In the Muslim fraternity, Halal is mostly used to describe what they perceive as acceptable which apply to both food and actions. Now Halal is mostly associated with food (mainly meat) by the Non-Muslim community. Halal is more than one eat or even the type of meat that they eat. Halal nutrition starts from the farm to the cooking table. At the pure base, the animal should live a pure life from the start to the end of its life cycle. In simple terms, it must be well fed, treated well and sacrificed in the good way (Halal way).
How animals are treated before being slaughtered in ‘Halal’ – Halal Nutrition?
In Islam and the Muslim world, an animal should receive good treatment throughout its life cycle. This means, no abuse, no mistreatment or no harm done that may cause it any kind of physical pain. It should also be kept in an area where it has enough space to walk and get fresh air. The nutrients it ingests also must be clean such as clean water, food (usually vegetarian food). As such it should not be fed food that derives from other animals, especially pork since it is forbidden in Islam. It is agreed that the animal should be treated well during its lifespan, thus, have also to be tread well at the time of the Halal Slaughter for our needs (food). What should also be done is that the animal should not be slaughtered among or in the presence of the other animals of the farm since it might not be comfortable for both of them. It should really be done with a sharp object so as to reduce as much pain as possible.
Foods which are Halal (Halal Nutrition):
- Plants (not intoxicant ones)
- Dried fruits or fresh
Sometimes Halal is confused with the term Haram. Let’s see what some of the differences. Haram is a term within used within the Arabic world as being ‘forbidden’. In simple terms it is anything that is forbidden by the Muslim faith. The opposite of Haram is Halal. The religious term Haram is applied to certain food ingredients and food, such as pork or alcohol. It is also applied to people, objects in a way that it is ‘tarnished’. Behaviors or actions such as adultery or abuse is also considered haram. The last things that Haram is applied to is stealing, cheating, murder and any harm to another human being.
Examples of Haram food:
Animals already dead before slaughtering
Animals sacrificed for any other gods other than Allah
Animals without external ears (snakes, insects. etc.)
Blood and its derivatives
Any food that has the mentioned above.
Benefits of Eating Halal (Halal Nutrition):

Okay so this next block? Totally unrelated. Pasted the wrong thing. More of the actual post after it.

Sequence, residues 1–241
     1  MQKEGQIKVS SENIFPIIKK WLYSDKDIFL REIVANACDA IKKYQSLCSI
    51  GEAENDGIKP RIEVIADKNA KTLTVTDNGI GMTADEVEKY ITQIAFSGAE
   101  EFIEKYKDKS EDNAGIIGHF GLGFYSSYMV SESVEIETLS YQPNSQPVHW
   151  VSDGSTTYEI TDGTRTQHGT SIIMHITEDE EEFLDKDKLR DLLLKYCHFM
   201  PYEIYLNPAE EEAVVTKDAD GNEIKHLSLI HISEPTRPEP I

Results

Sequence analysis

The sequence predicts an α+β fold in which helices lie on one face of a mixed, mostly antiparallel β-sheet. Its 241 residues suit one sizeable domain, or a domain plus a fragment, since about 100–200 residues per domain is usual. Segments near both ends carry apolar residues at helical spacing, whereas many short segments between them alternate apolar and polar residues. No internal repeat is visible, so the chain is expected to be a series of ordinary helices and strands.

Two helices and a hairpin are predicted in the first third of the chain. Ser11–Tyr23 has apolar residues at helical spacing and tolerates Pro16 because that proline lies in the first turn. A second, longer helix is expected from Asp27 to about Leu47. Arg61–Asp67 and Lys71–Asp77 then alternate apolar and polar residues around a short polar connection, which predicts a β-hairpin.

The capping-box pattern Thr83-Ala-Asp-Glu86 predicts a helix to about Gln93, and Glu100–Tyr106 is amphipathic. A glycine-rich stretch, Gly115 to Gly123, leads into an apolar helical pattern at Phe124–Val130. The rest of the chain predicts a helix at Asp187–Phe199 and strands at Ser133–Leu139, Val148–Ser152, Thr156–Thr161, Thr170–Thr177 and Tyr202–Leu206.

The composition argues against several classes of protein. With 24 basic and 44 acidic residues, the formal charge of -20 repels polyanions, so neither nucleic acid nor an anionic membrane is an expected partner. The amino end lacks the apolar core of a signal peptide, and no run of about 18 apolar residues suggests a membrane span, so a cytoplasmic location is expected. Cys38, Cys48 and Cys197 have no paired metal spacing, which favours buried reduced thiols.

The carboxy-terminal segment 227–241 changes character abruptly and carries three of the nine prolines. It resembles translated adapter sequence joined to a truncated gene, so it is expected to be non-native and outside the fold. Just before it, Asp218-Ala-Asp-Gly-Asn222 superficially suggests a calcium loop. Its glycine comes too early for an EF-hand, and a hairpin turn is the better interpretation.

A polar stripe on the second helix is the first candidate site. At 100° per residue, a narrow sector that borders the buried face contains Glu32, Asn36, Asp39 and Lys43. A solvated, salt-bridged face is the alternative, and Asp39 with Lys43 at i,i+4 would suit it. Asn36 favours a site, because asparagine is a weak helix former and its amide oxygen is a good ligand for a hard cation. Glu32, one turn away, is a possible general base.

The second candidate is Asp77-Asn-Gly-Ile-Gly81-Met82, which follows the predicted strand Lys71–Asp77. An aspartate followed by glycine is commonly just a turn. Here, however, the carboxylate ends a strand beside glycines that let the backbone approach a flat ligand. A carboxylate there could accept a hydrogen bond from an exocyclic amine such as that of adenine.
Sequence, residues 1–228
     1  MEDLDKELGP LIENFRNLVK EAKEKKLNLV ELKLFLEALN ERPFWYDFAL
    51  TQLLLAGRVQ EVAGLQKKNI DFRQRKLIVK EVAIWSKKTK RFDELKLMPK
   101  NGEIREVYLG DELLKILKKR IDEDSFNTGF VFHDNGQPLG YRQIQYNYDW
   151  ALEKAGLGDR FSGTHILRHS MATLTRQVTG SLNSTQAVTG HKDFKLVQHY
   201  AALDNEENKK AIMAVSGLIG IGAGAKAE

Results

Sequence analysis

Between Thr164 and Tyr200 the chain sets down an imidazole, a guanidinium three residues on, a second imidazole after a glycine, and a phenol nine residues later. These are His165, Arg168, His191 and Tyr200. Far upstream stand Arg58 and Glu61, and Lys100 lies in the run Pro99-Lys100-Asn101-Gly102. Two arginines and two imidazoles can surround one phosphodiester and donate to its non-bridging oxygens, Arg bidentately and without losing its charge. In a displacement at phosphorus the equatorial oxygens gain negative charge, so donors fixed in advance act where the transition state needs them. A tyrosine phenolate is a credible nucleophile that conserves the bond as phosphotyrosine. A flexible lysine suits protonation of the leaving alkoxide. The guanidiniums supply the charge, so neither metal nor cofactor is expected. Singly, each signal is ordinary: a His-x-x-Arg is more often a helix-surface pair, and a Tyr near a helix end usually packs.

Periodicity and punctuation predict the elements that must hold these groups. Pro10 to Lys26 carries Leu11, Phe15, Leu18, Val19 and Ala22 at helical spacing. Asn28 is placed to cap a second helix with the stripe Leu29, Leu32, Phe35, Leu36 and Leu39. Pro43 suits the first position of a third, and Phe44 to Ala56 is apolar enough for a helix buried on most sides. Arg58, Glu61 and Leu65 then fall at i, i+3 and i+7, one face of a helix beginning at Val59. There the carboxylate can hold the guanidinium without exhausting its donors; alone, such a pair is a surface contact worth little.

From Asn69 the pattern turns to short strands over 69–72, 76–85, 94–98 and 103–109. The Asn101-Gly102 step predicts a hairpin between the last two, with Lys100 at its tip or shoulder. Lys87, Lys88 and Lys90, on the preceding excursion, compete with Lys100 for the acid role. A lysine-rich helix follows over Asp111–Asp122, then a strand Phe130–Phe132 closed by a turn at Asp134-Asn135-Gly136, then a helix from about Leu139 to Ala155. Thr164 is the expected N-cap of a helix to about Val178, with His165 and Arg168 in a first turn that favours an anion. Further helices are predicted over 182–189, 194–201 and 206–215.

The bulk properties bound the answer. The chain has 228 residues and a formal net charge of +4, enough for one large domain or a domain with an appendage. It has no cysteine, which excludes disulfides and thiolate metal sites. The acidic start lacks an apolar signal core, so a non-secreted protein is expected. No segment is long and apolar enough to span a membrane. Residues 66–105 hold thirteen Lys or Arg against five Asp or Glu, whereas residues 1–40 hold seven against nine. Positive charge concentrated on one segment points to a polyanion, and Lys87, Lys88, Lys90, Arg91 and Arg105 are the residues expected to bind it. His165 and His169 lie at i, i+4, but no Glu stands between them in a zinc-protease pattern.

Although not proved, Halal nutrition is safer that other types of nutrition since one knows how the animals were raised, fed till the moment of their death (slaughter). Most people don’t know where their meat comes from and thus may ingest some germs and bacteria even if the meat is fresh. Apparently animals raised and slaughtered Halal counters all the risks mentioned making it safer to eat and have peace of mind. All Halal meat are fresh right from the butcher, meaning you can get fresh meat at any time of the day or night if you shop at a Halal certified butcher. In addition to that, fresh meat has a lot of benefits. So before buying your meat, make sure you look for the Halal logo and check if the butcher is Muslim and certified.
Since all the blood is drained from the animal body and organs means that it will me harmful substances-free as blood is the source of contamination among cattle and slaughtering. Although not proved too, apparently eating Halal only food which is advertised as being “free from toxic substances”, the brain get all the benefits that boosts the metabolism and fight depression (not proved or researched). Halal food, considered as the only healthy food within the Islamic community is believed to boost the immunity system as a result of eating ‘safe and healthy food’. Well as a whole, you cannot guarantee any meat is healthier than other meats because of the tag, but if you are a Muslim or eat only Halal, you can take a look at those benefits and research done about them (if any) to see if those benefits apply to you.
Like everything to do with religion, Halal comes with controversy. Even though it advertises “painless slaughtering” and treating animals well, some butcher don’t respect that. All animals are required to be stunned before being slaughtered in most countries. A research made said that chicken and other animals are conscious up to 20 seconds after a cut is made across their neck. A cut large as this will most likely trigger the sensory pain centre in the brain. So Halal does not assure that the animal is not feeling pain. Many European countries decided to remove exemption of Halal slaughtering with the quote ‘Animal rights before religion’.
Well just to recap a bit. Muslims are allowed to eat Halal meat from any of the permitted animals in the Quran as long as it is slaughtered the Halal way. People should not confused Halal with Haram since there are both the polar opposite of each other’s. Halal is considered healthier than other types of food by the Muslim world although it has never been proved or researched so we take that as an assumption. Halal does not apply only to food, it applies also to people and objects as a manner to say tarnished. One of the most important things about Halal that connects the Muslim belief is that pork is a no go, and any of its product derivatives such as gelatin and ham among others. So better make sure you take all these in mind before doing your food shopping.